2.4 Situated cognition
Situated cognition theory, developed by Lave and Wenger (1991), takes social interaction a step further. This theory does not regard learning as the acquisition of knowledge but rather that learning a subject is a process of becoming a member of that subject’s community. Learning, therefore, is seen as an active process and occurs when ‘learners’ participate in real-world situated contexts. It involves not only knowledge but also the behaviours and values inherent in the community; context and culture impact on learning, the implication being that learning experiences need to be culturally and contextually authentic.
Following this theory, the role of the teacher is to set up learning environments where students can be initiated into the practices, community and discourse of the subject – that is, not learning history but becoming historians. Similarly, your learning – seen through this theory – is about becoming a member of the community of teachers, feeling a sense of belonging and having an ability to communicate with others in the community through shared meanings.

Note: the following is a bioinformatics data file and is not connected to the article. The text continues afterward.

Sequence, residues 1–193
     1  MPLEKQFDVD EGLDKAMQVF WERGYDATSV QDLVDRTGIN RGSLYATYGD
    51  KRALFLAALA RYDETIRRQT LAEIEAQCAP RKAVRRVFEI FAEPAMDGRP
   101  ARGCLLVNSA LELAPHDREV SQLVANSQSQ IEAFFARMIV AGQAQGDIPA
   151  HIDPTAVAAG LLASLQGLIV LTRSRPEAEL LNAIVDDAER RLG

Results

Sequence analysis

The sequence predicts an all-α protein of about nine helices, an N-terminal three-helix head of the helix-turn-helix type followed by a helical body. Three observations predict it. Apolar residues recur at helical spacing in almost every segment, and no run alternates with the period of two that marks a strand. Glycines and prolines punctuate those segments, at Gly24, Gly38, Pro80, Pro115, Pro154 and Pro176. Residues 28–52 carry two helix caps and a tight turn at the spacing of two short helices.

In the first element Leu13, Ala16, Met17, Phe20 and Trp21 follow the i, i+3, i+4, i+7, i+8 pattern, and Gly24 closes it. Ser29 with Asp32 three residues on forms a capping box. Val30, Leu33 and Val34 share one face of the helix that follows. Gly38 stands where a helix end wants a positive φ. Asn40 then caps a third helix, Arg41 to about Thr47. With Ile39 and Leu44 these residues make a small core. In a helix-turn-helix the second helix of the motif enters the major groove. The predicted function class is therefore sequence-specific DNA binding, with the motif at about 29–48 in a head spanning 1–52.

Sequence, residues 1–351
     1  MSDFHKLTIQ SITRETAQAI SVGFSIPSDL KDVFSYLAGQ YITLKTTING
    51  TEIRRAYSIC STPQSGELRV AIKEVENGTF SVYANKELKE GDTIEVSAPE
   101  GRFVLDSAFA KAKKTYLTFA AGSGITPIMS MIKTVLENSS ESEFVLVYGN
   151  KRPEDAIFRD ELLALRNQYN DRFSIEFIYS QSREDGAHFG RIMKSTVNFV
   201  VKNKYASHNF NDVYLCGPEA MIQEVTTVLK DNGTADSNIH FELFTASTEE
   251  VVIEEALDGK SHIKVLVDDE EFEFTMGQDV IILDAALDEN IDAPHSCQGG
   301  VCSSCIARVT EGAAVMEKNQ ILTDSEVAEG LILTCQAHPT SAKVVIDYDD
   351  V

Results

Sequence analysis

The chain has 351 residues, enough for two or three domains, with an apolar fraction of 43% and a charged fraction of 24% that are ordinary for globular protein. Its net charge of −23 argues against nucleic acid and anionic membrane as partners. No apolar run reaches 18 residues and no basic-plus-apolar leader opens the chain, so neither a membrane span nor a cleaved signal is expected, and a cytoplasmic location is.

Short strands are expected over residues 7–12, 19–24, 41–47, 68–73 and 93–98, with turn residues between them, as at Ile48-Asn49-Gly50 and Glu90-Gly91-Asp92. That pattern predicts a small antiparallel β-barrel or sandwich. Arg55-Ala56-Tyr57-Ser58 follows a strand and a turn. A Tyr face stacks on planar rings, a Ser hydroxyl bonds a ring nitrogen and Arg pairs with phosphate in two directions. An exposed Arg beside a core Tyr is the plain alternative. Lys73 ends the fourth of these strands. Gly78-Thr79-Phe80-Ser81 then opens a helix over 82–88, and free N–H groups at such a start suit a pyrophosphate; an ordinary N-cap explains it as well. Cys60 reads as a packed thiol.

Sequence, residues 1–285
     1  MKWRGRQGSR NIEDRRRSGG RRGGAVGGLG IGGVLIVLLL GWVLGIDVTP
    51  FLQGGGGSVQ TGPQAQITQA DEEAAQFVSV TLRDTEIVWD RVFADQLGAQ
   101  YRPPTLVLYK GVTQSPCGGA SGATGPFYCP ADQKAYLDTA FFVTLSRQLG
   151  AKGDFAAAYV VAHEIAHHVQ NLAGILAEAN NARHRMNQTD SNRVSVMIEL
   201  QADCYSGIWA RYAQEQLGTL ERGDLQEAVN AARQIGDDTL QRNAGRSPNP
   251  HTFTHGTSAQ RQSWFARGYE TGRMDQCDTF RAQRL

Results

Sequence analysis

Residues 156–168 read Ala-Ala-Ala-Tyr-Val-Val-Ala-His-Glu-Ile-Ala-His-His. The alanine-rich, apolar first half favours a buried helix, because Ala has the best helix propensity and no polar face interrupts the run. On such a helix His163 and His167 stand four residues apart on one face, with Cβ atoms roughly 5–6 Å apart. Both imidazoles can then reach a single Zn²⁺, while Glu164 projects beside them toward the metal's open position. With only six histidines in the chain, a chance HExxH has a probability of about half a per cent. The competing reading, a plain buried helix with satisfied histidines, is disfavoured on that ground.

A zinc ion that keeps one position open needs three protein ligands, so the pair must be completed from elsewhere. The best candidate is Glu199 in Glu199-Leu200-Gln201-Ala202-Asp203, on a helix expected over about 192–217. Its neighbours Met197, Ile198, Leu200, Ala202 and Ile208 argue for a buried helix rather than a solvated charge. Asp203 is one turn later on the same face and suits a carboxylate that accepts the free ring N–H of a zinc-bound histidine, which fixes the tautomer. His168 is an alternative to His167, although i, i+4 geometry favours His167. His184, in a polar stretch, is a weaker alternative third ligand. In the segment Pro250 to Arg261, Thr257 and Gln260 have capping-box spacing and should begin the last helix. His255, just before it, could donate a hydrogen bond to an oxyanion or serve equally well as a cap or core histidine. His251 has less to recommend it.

Teachers aligned with situated cognition theory:
- model the behaviours of the subject community, showing interest and enthusiasm in the subject and ways in which members go about their work (for example, art teachers who practise art in the classroom)
- set up tasks and activities rooted in ‘real-world’ contexts, allowing students to practise working and behaving as members of the community.
The principles of situated cognition can be observed in practice in many classrooms.
Think about what it means to be a member of your own subject community:
- What knowledge, skills, behaviours and attitudes are involved?
- What activities might take place in your subject that would help students to develop as members of the subject community?